In age- and sex-adjusted proportional hazards models, each log-increase in RAC score among the 622 participants with any RAC present conferred a modest increase in the hazard of mortality (HR: 1.18 [95% CI: 0.98 to 1.4]). Additional adjustment for cardiovascular risk factors and number of other calcified beds further attenuated this association (HR: 1.14 [95% CI: 0.94 to 1.38]).
When the possible mediating effect of hypertension was evaluated, we found little attenuation of mortality risk by hypertension, regardless of whether hypertension was added before or after addition of other adjustment variables. For example, adjusting for hypertension after adjustment for other traditional risk factors (after model 2) (Table 3) changed the HR associated with the presence of RAC minimally from 1.63 (95% CI: 1.17 to 2.29) to 1.66 (95% CI: 1.18 to 2.34); adding hypertension at the end of the modeling process had a similar minimal effect on the hazard associated with the presence of RAC. The receiver-operating characteristic models (Fig. 3) adding CAC and RAC to a predictive model, including the hard FRS, demonstrated improvement in the C-statistic, integrated discrimination index, and NRI with sequential addition of CAC and RAC (Table 4). Adding RAC to a model including hard Framingham risk score and CAC generated an improvement in the C-statistic from 0.73 to 0.77 (p = 0.0002). The NRI for the model including RAC compared with that including Framingham risk score and CAC was 14.4% (p for comparison = 0.002).
A set of parallel models were conducted for cardiovascular mortality. There were 41 confirmed cardiovascular deaths available for analysis. Table 3 shows Cox proportional hazards regression models, which demonstrate attenuation of the risk for cardiovascular mortality with relatively wide confidence limits after addition of successive adjustment variables. Similarly, Table 4 displays the C-statistic values, integrated discrimination index, and NRI analyses for cardiovascular mortality; although the addition of RAC to these models improved these values, the improvements did not reach statistical significance.
RAC was a relatively common occurrence in this cohort of asymptomatic adults, affecting 14%, and was associated with a substantial increase in mortality risk even after adjustment for demographic and traditional cardiovascular risk factors. RAC was more prevalent in those with vascular calcification in other beds, and adjustment for the presence of other vascular calcification and hypertension attenuated but did not eliminate the association between RAC and mortality. Despite this adjustment, individuals with RAC remained at approximately 50% greater mortality risk.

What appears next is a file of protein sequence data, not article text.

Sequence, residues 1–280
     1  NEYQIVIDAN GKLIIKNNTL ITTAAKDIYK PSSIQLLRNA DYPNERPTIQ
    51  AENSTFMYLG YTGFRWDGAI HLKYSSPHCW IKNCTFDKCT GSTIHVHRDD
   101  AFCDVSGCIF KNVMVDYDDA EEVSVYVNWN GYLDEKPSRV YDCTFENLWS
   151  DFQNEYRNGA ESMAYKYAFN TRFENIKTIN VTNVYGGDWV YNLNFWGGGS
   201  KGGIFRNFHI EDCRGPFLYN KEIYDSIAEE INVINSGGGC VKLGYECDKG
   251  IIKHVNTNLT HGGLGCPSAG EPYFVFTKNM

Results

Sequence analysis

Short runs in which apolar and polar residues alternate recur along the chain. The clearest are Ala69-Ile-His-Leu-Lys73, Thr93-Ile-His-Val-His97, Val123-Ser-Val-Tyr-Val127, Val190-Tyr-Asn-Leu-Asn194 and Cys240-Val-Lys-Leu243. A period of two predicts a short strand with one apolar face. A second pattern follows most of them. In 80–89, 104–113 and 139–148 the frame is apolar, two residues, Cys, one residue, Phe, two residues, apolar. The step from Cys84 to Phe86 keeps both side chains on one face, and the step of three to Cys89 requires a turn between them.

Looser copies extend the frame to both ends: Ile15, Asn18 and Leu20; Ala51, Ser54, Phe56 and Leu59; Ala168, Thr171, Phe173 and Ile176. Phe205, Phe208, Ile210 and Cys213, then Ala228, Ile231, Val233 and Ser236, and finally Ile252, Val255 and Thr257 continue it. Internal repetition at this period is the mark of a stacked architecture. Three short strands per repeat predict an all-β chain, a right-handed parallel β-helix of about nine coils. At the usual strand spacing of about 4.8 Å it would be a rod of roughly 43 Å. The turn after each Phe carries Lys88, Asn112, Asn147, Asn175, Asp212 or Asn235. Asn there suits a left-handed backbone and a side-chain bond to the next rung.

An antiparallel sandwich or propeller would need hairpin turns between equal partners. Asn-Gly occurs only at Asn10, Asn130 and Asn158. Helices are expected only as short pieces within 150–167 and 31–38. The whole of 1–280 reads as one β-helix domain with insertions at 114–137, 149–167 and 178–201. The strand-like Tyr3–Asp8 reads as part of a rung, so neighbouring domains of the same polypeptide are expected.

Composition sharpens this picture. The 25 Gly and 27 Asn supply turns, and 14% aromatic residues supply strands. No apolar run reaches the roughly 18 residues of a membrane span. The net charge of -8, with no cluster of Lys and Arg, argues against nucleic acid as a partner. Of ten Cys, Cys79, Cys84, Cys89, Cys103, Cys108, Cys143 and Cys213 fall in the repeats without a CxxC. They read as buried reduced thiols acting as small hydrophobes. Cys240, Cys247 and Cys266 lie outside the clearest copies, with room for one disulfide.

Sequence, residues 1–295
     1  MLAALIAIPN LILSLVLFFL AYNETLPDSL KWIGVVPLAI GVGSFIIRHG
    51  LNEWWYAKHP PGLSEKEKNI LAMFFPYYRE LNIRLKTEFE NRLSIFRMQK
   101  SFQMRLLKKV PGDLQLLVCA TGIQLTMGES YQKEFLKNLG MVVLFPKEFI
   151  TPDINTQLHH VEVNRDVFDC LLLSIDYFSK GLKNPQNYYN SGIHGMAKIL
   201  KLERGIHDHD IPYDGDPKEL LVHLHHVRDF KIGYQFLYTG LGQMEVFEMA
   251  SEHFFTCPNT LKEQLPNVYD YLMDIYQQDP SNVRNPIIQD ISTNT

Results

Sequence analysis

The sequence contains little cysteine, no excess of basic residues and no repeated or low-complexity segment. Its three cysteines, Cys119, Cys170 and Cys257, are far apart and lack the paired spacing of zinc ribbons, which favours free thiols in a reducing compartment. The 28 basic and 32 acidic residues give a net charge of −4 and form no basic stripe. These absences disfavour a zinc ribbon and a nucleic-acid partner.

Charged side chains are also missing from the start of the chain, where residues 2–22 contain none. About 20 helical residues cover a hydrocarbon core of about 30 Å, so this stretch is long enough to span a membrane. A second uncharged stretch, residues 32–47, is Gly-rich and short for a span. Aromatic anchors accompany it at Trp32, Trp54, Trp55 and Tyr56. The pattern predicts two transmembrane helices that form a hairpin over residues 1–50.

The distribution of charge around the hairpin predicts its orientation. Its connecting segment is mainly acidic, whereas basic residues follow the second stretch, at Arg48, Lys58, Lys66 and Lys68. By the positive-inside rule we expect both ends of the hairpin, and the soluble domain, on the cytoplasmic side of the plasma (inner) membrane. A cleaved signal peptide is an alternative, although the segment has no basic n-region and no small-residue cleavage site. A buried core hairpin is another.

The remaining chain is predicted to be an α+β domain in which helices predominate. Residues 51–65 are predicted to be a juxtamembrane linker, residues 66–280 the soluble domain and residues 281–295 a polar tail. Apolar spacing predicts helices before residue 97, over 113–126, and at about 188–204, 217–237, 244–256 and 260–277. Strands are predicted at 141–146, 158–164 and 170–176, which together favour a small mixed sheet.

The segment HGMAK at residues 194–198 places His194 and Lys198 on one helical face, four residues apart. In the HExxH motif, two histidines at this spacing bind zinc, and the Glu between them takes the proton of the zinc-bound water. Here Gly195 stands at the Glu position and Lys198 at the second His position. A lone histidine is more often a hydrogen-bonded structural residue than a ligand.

We considered whether hypertension was a potential mediator of the remaining association between RAC and mortality. In these analyses, hypertension had a trivial effect on the association regardless of when it was added to the models, suggesting that the association between RAC and mortality was independent of hypertension. Previous angiographic studies have demonstrated that RAC is not strongly associated with overt, flow-limiting renal arterial disease (15). Our data support the hypothesis that the independent effect of RAC on mortality is not entirely explained by decreased blood flow to the kidney and corresponding increases in blood pressure as mediated by the renin-angiotensin system, but is instead part of a systemic vascular calcification phenotype in which vascular calcification and hypertension may be parallel processes.
In previous studies, RAC was strongly associated with calcification in other vascular beds in those with diabetes (16), in those with overt renovascular disease (17), and in those without clinical CVD (6). These findings suggest that RAC is likely part of a systemic process and contributes to mortality risk perhaps by marking the severity of the atherosclerotic disease burden.
We are aware of 1 small study examining RAC and mortality, which evaluated a cohort of 172 individuals with diabetes and kidney disease (10). In that study, RAC had significant associations with a combined outcome of end-stage renal disease and mortality even after adjustment for CAC. The study participants did not have measures of calcification in vascular beds other than the coronary and renal beds, and the prevalence of both RAC and CAC were substantially higher than in our study (31% and 74%, respectively). That study reported only a combined end point, with most events being progression to end-stage renal disease, and separate analyses of mortality outcomes were not presented. Our study extends the finding of an independent association of RAC with mortality to a healthy, outpatient population with a relatively low prevalence of RAC and to nondiabetic individuals.